AGH: Wonderful! From childhood Sarah had an eye and ear that I often found helpful in my work, so when her college instructor told her she “knew the heart of childhood and should consider writing for children” I was delighted, though not surprised. Her husband was an illustration major at Rhode Island School of Design and offered his insights as we passed the text and art back and forth. We are now, along with my other two daughters and husband, all working together to create picture book apps for our new company, appropo. When we get together the ideas really start to fly!
NR: You collaborated with your grand-daughter Violet to create a trailer for your new book I am a Tyrannosaurus. With the myriad of ways to promote books through social networking, etc. what do you find the most satisfying about the promotional process of selling a book?
AGH: The promotional part is still my least favorite…except for creating those small works of art or video. It’s fun to come up with an idea, make it work, then make it work better. But when it comes to saying, “Hey! Look at this!” it still feels uncomfortable to me, like being pushy…even with all the social media outlets. It is time consuming, too, detracting from the time to create new projects. I do like to follow what others are doing, though, so I suppose I should just “get over it.” It is always nice to get a personal response from a parent or child from an outreach effort who appreciates the opportunity to tell me they enjoy a particular book.
NR: As a parent, I especially appreciated your articles on how to nurture and encourage children to create and work hard to follow their own interests. You’ve certainly produced a family of artists and writers in your daughters. Did they grow up wanting to be writers like you or did they simply follow your example?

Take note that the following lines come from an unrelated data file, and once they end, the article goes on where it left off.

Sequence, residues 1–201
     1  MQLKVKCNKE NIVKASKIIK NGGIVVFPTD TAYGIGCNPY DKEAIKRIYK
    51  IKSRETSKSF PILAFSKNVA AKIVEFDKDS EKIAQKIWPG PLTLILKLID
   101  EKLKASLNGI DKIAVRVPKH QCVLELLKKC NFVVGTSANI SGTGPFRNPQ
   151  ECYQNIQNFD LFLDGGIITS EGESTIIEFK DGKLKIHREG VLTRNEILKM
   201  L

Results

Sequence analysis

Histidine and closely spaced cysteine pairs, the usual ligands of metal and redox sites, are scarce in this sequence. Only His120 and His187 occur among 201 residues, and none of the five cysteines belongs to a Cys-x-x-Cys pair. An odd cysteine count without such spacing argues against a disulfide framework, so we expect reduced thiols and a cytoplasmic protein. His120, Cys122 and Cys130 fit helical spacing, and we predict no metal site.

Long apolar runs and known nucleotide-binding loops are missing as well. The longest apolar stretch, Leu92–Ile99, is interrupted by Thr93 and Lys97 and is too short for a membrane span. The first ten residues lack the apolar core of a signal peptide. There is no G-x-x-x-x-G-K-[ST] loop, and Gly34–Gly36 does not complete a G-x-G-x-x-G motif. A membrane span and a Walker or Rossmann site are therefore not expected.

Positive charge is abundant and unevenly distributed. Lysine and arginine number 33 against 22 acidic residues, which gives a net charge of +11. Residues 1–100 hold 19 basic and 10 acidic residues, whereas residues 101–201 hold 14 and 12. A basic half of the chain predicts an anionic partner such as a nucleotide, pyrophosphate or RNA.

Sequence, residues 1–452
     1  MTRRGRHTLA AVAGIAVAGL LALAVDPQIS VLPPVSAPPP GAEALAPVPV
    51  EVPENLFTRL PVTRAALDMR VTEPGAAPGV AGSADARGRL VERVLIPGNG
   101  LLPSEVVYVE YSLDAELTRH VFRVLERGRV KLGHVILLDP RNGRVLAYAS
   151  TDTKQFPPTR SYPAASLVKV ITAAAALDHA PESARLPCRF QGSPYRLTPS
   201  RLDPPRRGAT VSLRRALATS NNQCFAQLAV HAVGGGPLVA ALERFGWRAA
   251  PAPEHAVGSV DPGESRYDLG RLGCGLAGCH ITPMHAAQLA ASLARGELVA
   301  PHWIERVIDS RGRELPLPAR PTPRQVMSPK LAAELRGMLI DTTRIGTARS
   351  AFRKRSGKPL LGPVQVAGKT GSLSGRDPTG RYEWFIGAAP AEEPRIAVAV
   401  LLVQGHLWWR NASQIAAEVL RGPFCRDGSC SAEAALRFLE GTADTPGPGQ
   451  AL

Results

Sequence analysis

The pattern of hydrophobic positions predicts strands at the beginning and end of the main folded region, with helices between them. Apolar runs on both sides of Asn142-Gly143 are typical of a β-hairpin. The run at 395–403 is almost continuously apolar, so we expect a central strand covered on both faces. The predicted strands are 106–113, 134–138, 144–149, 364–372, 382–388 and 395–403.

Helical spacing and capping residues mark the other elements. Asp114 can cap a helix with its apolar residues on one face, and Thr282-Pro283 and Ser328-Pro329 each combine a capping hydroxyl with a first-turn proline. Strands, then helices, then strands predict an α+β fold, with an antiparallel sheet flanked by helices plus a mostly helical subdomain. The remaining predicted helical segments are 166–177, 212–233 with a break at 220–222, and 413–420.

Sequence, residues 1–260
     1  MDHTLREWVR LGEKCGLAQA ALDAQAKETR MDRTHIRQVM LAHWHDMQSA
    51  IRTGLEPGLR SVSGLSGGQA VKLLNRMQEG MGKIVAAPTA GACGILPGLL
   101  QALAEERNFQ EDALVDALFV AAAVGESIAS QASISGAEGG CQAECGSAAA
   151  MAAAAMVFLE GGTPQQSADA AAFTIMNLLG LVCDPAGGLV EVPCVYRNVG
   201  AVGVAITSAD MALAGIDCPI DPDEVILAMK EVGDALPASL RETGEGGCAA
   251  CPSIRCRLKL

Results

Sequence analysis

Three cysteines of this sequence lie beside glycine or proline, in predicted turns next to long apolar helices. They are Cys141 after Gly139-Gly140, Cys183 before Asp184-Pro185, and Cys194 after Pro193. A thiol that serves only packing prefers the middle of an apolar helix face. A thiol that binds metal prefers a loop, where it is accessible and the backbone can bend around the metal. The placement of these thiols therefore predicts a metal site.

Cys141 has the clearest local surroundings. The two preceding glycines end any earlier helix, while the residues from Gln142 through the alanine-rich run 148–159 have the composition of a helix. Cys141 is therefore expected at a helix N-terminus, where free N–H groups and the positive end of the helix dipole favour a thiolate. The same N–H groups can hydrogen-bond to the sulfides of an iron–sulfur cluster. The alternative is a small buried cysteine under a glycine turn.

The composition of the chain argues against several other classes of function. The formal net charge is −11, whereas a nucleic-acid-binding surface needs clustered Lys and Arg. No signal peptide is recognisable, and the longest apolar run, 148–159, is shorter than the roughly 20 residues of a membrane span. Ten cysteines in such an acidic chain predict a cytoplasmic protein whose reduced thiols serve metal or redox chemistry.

AGH: Creating things is just something that happens in our house…books, music, sewing, art projects. It happened (and still happens) with the girls, and now with the grandkids. The young ones love my studio!
When the girls were young I often shared what I was working on and asked their opinions, which they were more than willing to give! Bethany has always been a great idea person—she can barely breathe without coming up with another creative idea—which gets expressed in a myriad of ways. Sarah first thought she wanted to be an editor, but in college changed to writer for adults, so as to not be too much like mom, before coming around to children’s books. Lassen expressed an early interest in illustration and studied it at Rhode Island School of Design, though a great deal of her creative work has been 3D. I can’t wait to see her contributions to our picture book apps, now that her new baby is almost sleeping through the nights.
NR: Which of your books are your grandchildren’s favorites to read out loud with you or by themselves?
AGH: Oh, we choose different ones every time and at different ages. Since the two best listeners are now 10 and 7 some of the more recent things I’ve read have been the Little House in the Big Woods and …on the Prairie. Last summer before they went on a big trip to the Grand Canyon, we read Brighty of the Grand Canyon by Marguerite Henry, which I remember my third grade teacher reading to me. Soon I’ll be starting over with the picture books for baby Linnea. Let’s see, Good Night Moon, of course, Vera Williams’ More, More, More Said the Baby, Trish Cooke and Helen Oxenbury’s So Much, anything by Sandra Boynton, the Bean books, all the collections of Mother Goose… oh, lots!
Nicki Richesin is the editor of four anthologies,What I Would Tell Her: 28 Devoted Dads on Bringing Up, Holding On To, and Letting Go of Their Daughters; Because I Love Her: 34 Women Writers Reflect on the Mother-Daughter Bond; Crush: 26 Real-Life Tales of First Love; and The May Queen: Women on Life, Work, and Pulling it all Together in your Thirties. Her anthologies have been excerpted and praised in The New York Times, the San Francisco Chronicle, The Boston Globe, Redbook, Parenting, Cosmopolitan, Bust, Salon, Daily Candy, and Babble.